"His compelling, raw book is both memoir and manifesto; he chronicles his own gradual discovery of the power and relevance of Greek tragedies while also championing their social utility... Such insights capture something essential about Greek tragedy: Unlike contemporary theater, these works aspired to serve religious, political, and even therapeutic functions in ancient Greek society...Across a gulf of two and a half millennia, the Greek tragedians can still help us know and cure ourselves."
— Nick Romeo, The Boston Globe
"This heart-gripping book is not merely one of the best theater books I’ve read this year; it’s one of the best books I’ve read this year...An early tragedy inspired [Bryan Doerries] to found a company dedicated to bringing the ancients — specifically lesser-known Greek plays — to groups experiencing trauma of some kind… The results, as he recounts in fluent, agile prose, upheld his belief that communal exposure to the power of the Greek tragedies can be a profoundly useful healing tool."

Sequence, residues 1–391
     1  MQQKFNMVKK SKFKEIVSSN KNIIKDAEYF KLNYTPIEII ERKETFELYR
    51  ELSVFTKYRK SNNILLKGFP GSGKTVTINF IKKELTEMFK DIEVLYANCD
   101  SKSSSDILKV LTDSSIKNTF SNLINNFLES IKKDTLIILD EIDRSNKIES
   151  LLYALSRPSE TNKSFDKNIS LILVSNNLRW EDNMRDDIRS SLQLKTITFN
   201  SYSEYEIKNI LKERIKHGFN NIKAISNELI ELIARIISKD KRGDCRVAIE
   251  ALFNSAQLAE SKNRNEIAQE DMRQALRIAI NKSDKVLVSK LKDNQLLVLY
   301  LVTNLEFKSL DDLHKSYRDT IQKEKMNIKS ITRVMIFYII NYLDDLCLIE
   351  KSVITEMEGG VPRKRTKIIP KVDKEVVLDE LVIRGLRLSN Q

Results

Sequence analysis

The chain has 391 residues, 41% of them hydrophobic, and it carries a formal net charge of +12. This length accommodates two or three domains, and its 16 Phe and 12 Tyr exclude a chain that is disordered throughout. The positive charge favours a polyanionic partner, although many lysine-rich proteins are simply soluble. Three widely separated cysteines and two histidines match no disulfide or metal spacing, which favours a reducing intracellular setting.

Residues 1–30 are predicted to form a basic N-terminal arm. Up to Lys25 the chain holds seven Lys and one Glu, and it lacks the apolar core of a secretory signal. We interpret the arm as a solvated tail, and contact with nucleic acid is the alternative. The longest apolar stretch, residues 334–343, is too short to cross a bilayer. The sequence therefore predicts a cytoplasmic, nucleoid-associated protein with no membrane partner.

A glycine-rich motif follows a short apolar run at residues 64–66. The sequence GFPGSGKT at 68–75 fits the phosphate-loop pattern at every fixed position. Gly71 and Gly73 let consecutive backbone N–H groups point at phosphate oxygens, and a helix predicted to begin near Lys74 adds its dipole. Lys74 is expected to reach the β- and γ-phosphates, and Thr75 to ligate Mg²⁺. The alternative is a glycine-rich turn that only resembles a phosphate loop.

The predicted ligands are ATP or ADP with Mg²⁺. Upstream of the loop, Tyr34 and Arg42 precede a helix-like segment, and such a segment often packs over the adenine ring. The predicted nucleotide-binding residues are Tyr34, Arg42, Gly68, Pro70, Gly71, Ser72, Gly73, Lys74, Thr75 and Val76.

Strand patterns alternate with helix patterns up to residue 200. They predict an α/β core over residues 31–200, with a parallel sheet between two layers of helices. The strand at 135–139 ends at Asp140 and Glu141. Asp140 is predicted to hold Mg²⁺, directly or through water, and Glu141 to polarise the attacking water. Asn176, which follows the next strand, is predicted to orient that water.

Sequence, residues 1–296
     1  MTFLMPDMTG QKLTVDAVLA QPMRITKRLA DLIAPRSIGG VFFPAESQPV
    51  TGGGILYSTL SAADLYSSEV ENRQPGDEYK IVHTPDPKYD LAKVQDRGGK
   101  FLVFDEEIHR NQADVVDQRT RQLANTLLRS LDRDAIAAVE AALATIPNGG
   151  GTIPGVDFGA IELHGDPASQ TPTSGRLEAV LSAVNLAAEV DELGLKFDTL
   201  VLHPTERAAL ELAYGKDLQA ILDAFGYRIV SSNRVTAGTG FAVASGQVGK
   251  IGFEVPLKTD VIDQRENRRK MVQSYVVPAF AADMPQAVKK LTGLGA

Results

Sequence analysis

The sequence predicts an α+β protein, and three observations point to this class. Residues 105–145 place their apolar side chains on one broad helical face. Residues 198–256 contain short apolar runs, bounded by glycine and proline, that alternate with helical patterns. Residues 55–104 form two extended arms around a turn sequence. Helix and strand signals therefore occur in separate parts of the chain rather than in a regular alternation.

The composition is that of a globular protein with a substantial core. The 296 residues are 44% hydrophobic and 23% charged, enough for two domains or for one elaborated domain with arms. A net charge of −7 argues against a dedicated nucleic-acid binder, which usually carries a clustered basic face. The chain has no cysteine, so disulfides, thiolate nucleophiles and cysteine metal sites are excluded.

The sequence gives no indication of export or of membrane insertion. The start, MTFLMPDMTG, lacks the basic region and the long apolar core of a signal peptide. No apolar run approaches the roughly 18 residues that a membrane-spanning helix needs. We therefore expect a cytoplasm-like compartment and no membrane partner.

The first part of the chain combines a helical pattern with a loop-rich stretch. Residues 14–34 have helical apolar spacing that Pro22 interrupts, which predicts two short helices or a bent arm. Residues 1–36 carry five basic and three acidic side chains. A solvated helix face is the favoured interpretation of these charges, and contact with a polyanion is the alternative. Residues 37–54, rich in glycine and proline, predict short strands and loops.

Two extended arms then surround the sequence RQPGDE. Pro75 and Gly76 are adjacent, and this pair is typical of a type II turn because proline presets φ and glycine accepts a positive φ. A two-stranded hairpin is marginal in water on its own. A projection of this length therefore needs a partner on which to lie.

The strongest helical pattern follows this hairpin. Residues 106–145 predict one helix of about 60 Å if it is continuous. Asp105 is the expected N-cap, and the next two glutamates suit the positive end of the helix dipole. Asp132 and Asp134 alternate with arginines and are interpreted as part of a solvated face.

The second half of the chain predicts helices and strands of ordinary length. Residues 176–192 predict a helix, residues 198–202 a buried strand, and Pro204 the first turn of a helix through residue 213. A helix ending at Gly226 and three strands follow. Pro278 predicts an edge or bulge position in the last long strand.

— Charles Isherwood, The New York Times
“Doerries is well educated in the classics and in human suffering, which has opened his eyes to the therapeutic potential of art. He describes his father's slow descent into madness from diabetes and how, at the end of his life, he thought he was being watched over by black crows—persecuting Furies who had come to carry out his fate, largely the result of his own life choices. Doerries likewise describes the slow death of his girlfriend from cystic fibrosis, which was preceded by a double lung transplant, bacterial infections, and the ultimate rejection of the donor organs by her body. He saw from these trials that there is a universal, timeless element to suffering, the psychological dimension of which can be alleviated through drama.”
—Blake Seitz, The Weekly Standard
“Doerries’ account of his performances with Theater of War is at once an impassioned history lesson, a manual of therapy for the afflicted and a deep analysis of the power of ancient Greek tragedy.”
—Arlice Davenport, The Wichita Eagle
“Important and illuminating… This is an admirable book about an admirable project.”
—Andrew J. Bacevich, The American Scholar
“The Theater of War is an enthralling, gracefully written, and urgently important examination of the vital, ongoing relationship between past and present, between story and human experience, and between what the ancients had to report about warfare and human values and the desperate moral and psychological struggles that soldiers still undergo today. Bryan Doerries has given us a gift to be treasured.”
“Bryan Doerries's The Theater of War is a testament both to the enduring power of the classics and to the vital role art can play in our communal understanding of war and suffering.”